St. Louis Oracle

St. Louis-based political forecasting plus commentary on politics and events from a grassroots veteran with a mature, progressive anti-establishment perspective.

Monday, June 26, 2006

Who was--and wasn't--at Gay Pride parade

St. Louis area politicians flocked to take part in what organizers called the biggest Gay Pride parade ever in St. Louis on Sunday.

In the spirited contest for the 4th District senate seat, all but one campaign had some representation in the parade, including two or three of the candidates. Frontrunners Jeff Smith and Amber Boykins appeared in the parade, and it was difficult to tell whether or not Yaphett El-Amin was in the car bearing her signs (a closed sedan containing two people waiving). While the campaign of Derio Gambaro (on record opposing gay rights) did not have an entry in the parade, a car carrying an alderman displayed his signs (more later). No presence was noted for the fifth candidate, former alderman Kenny Jones.

Mayor Francis Slay, Comptroller Darlene Green and Aldermanic President Jim Shrewsbury (wearing a Stonewall Democrats t-shirt) were all in the parade, as were License Collector and aspiring Collector of Revenue Gregg Daly and his aspiring replacement, Alderman Mike Millan. Other notables included State Sen. Maida Coleman, Circuit Attorney Jennifer Joyce, and several aldermen and state reps.

No candidate for statewide office either appeared or was represented in the parade. While neither U.S. Senator Jim Talent nor his likely Democratic opponent, Democrat Claire McCaskill, made an appearance, a possible opponent of both was busy on the sidelines. Lydia Lewis, who is seeking the Progressive Party nomination for that office, was spotted on the east side of Grand collecting signatures to get her party on the ballot. No candidates for state auditor made a parade appearance.

The Smith campaign entourage had a little surprise for the audience. The passenger in a convertible with signage for Smith waived enthusiastically at the crowd, but the guy wasn’t Smith. The candidate himself trailed the car by about 30 feet, coming to the sidelines to shake hands with a visibly supportive crowd. It was a Jimmy Carter moment.

On the downside for Smith, the car bearing signage for Gambaro was courtesy of 23rd Ward Alderwoman Kathleen Hanrahan, whose ward organization headed by Francis Slay has endorsed Smith. One wonders whether and how serious a split may have developed in that ward’s organization, at least in this contest.

Saturday, June 17, 2006

Jeff Smith on St. Louis Mag's A-List

"Jefferson City may want to brace itself for some unexpected incoming energy," says the new July issue of St. Louis Magazine. The "Players" section of its "A List" names 4th District senatorial hopeful Jeff Smith as the "up-and-coming politician." (Take that, Mike McMillan!) The publication touts Smith as "new-school in his grassroots tactics, using the Web, coffee klatches and a legion of volunteers; raising his money through small donations; and urging urban renewal, social justice and environmental stewardship." In naming 136 people, places and things on the list, the self-described "premier lifestyle magazine" of St. Louis (with the help of 23 separate reporters) claims not to be "picking favorites," but "singling out the stars."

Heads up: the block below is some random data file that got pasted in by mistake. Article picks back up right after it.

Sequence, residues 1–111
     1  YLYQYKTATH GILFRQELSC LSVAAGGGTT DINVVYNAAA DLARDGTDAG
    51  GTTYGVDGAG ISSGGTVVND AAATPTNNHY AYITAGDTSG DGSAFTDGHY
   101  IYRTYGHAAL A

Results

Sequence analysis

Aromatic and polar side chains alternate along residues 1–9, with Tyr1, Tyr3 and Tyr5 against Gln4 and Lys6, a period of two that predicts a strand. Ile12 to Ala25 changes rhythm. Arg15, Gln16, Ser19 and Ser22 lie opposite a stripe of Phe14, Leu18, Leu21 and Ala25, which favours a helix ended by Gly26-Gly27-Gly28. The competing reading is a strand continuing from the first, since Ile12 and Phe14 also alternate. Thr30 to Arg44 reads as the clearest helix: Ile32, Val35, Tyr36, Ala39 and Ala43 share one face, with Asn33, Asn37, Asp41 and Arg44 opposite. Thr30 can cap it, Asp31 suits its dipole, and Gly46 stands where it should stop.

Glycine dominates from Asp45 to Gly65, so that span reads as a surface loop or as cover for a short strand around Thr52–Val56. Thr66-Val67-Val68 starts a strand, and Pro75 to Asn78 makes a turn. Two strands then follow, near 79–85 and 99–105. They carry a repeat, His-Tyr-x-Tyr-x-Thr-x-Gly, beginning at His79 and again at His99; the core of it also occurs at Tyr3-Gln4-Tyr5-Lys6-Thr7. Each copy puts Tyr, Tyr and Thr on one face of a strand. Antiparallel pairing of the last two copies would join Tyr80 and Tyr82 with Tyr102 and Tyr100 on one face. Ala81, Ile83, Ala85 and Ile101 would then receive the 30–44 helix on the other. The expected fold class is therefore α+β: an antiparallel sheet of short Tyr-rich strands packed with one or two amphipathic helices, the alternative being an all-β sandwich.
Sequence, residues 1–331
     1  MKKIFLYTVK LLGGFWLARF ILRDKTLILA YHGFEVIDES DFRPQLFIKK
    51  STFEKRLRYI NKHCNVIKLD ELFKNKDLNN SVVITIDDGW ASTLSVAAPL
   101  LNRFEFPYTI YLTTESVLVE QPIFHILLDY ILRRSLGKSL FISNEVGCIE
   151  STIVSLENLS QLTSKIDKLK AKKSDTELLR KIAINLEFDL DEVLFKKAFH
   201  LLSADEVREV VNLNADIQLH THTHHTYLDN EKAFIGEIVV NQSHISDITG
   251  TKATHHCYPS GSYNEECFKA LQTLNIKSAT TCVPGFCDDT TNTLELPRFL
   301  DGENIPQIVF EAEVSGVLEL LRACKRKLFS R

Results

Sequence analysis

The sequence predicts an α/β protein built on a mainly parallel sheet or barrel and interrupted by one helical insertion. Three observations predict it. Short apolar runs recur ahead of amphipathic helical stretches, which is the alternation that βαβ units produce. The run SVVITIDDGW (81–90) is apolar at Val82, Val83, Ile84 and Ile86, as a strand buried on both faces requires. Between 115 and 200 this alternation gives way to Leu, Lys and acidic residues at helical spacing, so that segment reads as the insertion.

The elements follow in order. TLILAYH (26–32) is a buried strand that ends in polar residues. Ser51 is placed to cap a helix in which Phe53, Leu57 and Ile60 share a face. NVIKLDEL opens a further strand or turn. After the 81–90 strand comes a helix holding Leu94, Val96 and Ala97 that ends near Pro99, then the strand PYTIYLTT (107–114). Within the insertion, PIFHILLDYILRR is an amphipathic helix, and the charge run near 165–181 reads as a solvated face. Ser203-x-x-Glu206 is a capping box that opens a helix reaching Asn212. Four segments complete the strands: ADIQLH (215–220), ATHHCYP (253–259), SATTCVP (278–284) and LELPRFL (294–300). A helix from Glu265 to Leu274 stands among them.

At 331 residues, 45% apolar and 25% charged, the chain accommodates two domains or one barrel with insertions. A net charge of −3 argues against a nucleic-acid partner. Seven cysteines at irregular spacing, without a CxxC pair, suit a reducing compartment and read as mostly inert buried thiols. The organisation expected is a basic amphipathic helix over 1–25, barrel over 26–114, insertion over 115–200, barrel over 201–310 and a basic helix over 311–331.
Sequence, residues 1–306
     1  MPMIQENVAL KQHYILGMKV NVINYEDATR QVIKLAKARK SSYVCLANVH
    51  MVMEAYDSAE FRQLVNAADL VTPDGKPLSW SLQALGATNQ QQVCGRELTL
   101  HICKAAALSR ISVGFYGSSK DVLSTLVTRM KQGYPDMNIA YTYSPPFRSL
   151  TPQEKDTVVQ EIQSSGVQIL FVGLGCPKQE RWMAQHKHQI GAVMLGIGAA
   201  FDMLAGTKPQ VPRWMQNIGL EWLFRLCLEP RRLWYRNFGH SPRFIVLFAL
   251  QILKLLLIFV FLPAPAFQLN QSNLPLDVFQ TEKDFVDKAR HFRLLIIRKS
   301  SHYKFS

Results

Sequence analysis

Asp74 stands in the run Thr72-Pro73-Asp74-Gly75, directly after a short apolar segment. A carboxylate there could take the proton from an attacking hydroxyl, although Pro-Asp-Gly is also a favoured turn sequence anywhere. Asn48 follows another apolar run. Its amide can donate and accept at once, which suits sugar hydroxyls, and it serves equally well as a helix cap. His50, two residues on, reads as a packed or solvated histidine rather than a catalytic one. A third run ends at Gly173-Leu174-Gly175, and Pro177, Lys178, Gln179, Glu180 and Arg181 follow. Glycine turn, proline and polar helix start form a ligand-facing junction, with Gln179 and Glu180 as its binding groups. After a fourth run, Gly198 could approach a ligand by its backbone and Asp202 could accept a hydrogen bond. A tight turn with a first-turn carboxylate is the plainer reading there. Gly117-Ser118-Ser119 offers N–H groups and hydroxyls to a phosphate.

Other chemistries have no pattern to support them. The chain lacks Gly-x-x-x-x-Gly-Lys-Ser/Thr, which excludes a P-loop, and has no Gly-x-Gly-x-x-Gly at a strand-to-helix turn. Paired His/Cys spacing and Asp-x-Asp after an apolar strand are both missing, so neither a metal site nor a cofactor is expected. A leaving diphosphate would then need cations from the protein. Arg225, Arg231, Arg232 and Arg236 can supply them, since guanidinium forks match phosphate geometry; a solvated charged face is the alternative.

Perhaps more interesting will be whether (and if so, how) this has any impact on the campaign. While it's nice to have such nice things said about one right before a key election, it might also provide fodder for whispering campaigns and anti-Smith blog commentators who deride the city candidate's Clayton/Ladue background. The magazine touts itself as reaching an audience of "active, affluent adults," with a six-figure median income and nearly a third being millionaires. With a Democratic primary electorate that loves to hate "tax cuts for the rich," this may well be a tempting target for Roosevelt-era class warriors who haven't noticed that rich people in urban areas are now just as likely to be Democrats as Republicans. Moreover, Smith shares the St. Louis Magazine stage with such unLadue notables as DJ Needles, DJ Bishop, Praix, Bennie Smith, Hamiet Bluiett (surprise winner over Erin Bode for jazz artist), City Museum, Venice Cafe, Star Clipper comics, South Side Cyclery, Volpi's, Berix Coffeehouse and Deli, and most ironically, Missouri Baking Co., the business of the family of fellow 4th-District candidate Derio Gambaro.
The smart move would be for Smith not to tout the distinction and for his opponents not to take cheap shots at it.

Other notable A-List inclusions for political junkies include Sam Koplar as "mover and shaker," photographer Suzy Gorman as "image consultant," and The Royale as the best casual bar.